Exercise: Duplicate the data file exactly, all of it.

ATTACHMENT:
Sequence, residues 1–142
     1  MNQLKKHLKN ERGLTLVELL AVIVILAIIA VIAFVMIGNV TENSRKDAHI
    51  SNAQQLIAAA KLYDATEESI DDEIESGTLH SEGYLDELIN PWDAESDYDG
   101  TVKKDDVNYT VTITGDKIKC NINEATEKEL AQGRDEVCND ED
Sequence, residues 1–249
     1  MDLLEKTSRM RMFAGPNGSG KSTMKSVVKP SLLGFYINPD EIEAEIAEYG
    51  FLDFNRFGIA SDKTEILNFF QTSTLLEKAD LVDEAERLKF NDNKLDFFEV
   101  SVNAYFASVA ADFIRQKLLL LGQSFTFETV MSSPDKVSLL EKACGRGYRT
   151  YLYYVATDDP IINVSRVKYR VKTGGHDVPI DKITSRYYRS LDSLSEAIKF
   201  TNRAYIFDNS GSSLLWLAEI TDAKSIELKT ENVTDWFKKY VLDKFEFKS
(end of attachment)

Sequence, residues 1–142
     1  MNQLKKHLKN ERGLTLVELL AVIVILAIIA VIAFVMIGNV TENSRKDAHI
    51  SNAQQLIAAA KLYDATEESI DDEIESGTLH SEGYLDELIN PWDAESDYDG
   101  TVKKDDVNYT VTITGDKIKC NINEATEKEL AQGRDEVCND ED
Sequence, residues 1–249
     1  MDLLEKTSRM RMFAGPNGSG KSTMKSVVKP SLLGFYINPD EIEAEIAEYG
    51  FLDFNRFGIA SDKTEILNFF QTSTLLEKAD LVDEAERLKF NDNKLDFFEV
   101  SVNAYFASVA ADFIRQKLLL LGQSFTFETV MSSPDKVSLL EKACGRGYRT
   151  YLYYVATDDP IINVSRVKYR VKTGGHDVPI DKITSRYYRS LDSLSEAIKF
   201  TNRAYIFDNS GSSLLWLAEI TDAKSIELKT ENVTDWFKKY VLDKFEFKS